Abstract

Critical thinking is widely recognized as an essential component of academic English, yet it does not receive the attention that it merits in English as a second language education. This article will examine: why critical thinking needs to be more emphasized in teaching English for academic purposes;, the scope of thinking strategies that it entails;, and various ways in which it can be applied toin Teaching English to Speakers of Other Languages (TESL or TESOL).

 

Introduction

In the 1980s, a critical thinking boom took place in the United States *** Perhaps provide some examples of any states or cities where this may have been more prevalent ***when it became apparent that students were lacking in the critical thinking skills that enable academic success*** Provide some examples of “success”; what do you mean by it? How is this measured? ***. Following that*** When? How long after? ***, critical thinking began to trickle into English language teaching because non-native speakers who were studying at universities in English speaking countries were often even more deficient in these skills*** Where is your source to justify these opinions? ***. However, critical thinking for non-native speakers has not been universally embraced, as evidenced by Atkinson (1997) in which it is argued that critical thinking may be an intuitively transmitted social practice which cannot be taught.  Whether or not this is so, the reality *** Words like “reality” are dangerous to use in a context like this one; you are making stereotypes about an entire group of people, which cannot be proven ***that non-native speakers need assistance in developing thinking strategies in English cannot be denied. H.D. Brown (2004) states that in an ideal academic English program, "the objectives of a curriculum are not limited to linguistic factors alone, but also include developing the art of critical thinking."  *** Begin new paragraph ***At present, few published materials exist which focus on developing a range of these skills in the context of English as a second language. *** I am not sure that you are distinguishing between “English” and ESL / TESL well enough ***One worth mentioning *** Do not say that this one text is “worth mentioning, unless the others are clearly not worth mentioning ***is "New Directions: an Integrated Approach to Reading, Writing, and Critical Thinking" (Gardner, 1996); this book, though quite advanced*** And how is this book being “quite advanced” significant? Are other TESL-related books supposed to be less advanced, less significant? ***, is a good example of a text which focuses on systematic critical thinking skills development*** How do we know this is a good example? ***. Critical thinking ought to have a more central role in academic instruction because this is what students need to succeed in an academic environment *** You are beginning to make a lot of unchecked assumptions; see your italics ***.  Toward this end, it is necessary to provide explicit training in the specific critical thinking skills which students are expected to demonstrate proficiency in.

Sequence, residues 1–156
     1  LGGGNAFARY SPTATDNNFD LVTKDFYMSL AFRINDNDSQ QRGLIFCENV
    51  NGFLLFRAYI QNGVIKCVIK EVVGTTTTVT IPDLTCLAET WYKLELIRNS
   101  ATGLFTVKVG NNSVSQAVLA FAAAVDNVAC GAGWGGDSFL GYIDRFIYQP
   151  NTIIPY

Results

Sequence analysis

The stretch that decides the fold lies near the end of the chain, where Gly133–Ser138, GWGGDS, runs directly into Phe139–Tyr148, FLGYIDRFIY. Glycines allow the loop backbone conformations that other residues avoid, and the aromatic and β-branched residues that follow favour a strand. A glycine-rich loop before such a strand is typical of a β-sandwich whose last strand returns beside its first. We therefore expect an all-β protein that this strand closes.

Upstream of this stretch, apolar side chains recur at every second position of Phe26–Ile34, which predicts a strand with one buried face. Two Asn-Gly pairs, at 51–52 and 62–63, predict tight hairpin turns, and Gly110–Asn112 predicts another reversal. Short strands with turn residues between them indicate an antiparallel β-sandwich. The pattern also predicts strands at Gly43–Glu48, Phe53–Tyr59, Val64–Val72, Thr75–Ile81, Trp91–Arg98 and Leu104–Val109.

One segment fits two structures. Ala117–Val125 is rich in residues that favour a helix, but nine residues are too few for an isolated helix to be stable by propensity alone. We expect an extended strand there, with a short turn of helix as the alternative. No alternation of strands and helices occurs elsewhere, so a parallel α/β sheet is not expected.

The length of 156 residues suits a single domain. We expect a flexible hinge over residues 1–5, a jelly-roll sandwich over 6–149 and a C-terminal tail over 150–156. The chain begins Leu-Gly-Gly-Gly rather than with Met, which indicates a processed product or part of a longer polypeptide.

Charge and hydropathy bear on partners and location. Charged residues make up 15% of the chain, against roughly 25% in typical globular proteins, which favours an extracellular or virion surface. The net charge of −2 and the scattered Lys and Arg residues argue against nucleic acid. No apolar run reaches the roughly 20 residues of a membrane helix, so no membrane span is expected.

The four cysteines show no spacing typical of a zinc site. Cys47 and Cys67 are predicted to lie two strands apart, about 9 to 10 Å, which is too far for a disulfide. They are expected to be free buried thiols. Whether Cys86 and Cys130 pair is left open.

What is Critical Thinking?

There is no simple definition for critical thinking *** Yet, we expect our TESL students to master this ambiguity? ***because it consists of an array of skills and sub skills, some of which apply more than others to English language teaching.  Here are some definitions to consider: *** So, do all the following quotes fall into your “apply more than others” category, or do some apply more than others? ***